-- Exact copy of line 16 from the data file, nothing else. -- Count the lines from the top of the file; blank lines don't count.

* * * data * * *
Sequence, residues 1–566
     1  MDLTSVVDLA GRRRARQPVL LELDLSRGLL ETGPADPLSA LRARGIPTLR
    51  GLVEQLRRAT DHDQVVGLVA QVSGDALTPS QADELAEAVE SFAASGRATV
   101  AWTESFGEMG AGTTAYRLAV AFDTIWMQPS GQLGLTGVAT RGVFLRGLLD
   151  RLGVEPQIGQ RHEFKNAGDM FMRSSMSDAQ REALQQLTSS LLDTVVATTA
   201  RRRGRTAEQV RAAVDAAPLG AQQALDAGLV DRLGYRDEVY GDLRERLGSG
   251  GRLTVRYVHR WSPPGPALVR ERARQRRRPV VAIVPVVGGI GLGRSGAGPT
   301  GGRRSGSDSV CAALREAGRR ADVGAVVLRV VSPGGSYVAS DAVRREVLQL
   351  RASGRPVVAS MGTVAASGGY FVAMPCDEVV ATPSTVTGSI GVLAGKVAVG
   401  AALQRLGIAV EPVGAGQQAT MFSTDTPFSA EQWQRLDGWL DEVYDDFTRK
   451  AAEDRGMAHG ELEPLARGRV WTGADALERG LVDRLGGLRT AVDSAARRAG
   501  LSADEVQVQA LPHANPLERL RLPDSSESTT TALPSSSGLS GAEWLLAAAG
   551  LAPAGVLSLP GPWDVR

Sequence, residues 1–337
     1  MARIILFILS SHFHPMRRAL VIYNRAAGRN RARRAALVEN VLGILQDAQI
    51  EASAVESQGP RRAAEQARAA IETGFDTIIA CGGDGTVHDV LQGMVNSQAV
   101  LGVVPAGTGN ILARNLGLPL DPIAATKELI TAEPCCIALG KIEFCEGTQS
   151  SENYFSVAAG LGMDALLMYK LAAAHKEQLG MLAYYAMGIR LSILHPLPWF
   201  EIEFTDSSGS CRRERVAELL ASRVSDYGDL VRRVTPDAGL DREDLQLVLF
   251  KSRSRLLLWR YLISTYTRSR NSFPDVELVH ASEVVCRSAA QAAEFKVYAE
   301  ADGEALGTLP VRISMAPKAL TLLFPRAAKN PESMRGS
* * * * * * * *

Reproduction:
    51  EASAVESQGP RRAAEQARAA IETGFDTIIA CGGDGTVHDV LQGMVNSQAV